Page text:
The rural poor lack social services in health, nutrition, and education. Extension services do not reach most of them because of poor physical infrastructure and limited manpower in the extension agencies. Development efforts on the part of government show an emphasis on capital-intensive, urban-based industries and less attention to agricultural programs.  This has brought out the disparity between the progressive north side of the island and the neglected south.

The environments of the three groups studied were characterized by poor soil, damaging typhoons and drought, denuded forests, and depleted resources.

Key words: social and institutional profile, rural poor, lowland and upland rainfed farmers, artisanal fishermen

 

PHILIPPINE AND AUSTRALIAN PERCEPTIONS OF ISSUES RELATED
TO THE NEW INTERNATIONAL ECONOMIC ORDER: FOOD SECURITY
AND COMMUNITY TRADE

Project Directors:        Tereso S. Tullao, Jr. and Wilfrido V. Villacorta
Funding Agency:        Philippine Institute for Development Studies

This research project aimed to contribute to the current efforts in improving the ASEAN-Australian dialogue on the New International Economic Order (NIEO) issues. The main task of this study was to analyze the positions of the Philippines and Australia with respect to the proposed schemes aimed at resolving the commodity and food security issues.

The main objectives of the study were to: a) review and analyze the country positions of the Philippines and Australia as well as the common position of ASEAN with respect to the New International Economic Order, in general, and the commodities and food security issues, in particular; b) evaluate the extent of divergences and convergences among these different positions; and c) explore the possible ways by which the divergences could be reconciled and the convergences could be developed.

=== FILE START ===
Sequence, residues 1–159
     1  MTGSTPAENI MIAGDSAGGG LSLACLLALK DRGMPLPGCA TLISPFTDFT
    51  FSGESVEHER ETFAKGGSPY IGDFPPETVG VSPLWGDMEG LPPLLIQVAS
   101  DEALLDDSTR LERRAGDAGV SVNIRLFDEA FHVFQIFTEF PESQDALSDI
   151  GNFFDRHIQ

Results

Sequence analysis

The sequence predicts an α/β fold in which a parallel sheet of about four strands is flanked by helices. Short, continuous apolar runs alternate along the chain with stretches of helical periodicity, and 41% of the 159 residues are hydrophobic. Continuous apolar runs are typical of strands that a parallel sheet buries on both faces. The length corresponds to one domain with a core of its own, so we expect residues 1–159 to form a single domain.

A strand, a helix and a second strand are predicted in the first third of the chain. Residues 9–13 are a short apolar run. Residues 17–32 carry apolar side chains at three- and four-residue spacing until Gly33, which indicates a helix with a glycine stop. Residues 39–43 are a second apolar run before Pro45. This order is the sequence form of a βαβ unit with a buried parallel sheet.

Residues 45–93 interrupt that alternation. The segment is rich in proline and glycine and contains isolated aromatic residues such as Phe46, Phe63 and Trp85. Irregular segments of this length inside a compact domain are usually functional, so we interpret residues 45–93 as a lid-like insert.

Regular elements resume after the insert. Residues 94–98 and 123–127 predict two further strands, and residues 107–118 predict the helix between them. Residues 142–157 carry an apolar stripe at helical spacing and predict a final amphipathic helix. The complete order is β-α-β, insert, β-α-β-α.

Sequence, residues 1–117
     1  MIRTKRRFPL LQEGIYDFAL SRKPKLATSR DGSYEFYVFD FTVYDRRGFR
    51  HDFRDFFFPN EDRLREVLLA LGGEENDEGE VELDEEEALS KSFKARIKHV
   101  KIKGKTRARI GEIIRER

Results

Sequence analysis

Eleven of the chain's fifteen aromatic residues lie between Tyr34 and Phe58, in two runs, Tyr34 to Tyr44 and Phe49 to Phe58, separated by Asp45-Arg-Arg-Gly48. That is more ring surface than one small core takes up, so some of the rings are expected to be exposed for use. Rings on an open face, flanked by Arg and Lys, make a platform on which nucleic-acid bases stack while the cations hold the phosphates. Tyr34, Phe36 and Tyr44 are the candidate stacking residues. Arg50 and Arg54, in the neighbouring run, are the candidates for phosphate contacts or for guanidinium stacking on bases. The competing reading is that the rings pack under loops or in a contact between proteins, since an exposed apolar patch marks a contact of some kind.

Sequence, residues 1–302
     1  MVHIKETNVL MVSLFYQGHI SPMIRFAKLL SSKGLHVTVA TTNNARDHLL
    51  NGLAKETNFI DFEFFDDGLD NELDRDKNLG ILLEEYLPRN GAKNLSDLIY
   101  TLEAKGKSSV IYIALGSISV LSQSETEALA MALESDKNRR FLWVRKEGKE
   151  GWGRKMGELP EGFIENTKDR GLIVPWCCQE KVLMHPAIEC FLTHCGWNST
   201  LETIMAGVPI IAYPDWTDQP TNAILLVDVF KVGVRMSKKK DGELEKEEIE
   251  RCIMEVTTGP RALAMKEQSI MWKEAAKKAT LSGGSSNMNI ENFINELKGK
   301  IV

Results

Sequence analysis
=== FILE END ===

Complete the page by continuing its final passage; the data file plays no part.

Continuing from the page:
The findings of the study indicated that divergences are present in the positions of Australia and the Philippines as far as the concept of New International Economic Order and commodity are concerned. Australia’s emphasis is on providing for the improvement of basic human needs rather than on massive structural change. The Philippines, on the other hand, has echoed the Third World’s demand for structural changes in order to correct the imbalance in international economic relations.  However, the country’s support for an integrated approach to global economic ills is balanced by its realistic inclination to seek compromises. ASEAN countries, like the Philippines, generally believe that the current economic crisis renders several of the demands of developing countries impracticable. However, these demands could be tackled on a bilateral or regional basis.

Key words: ASEAN, New International Economic Order, commodity and food security issues, basic human needs

 

 


 

 

 

  Home About Us Programs Projects Funding Agencies Contact Us

Copyright © 2011 All rights reserved.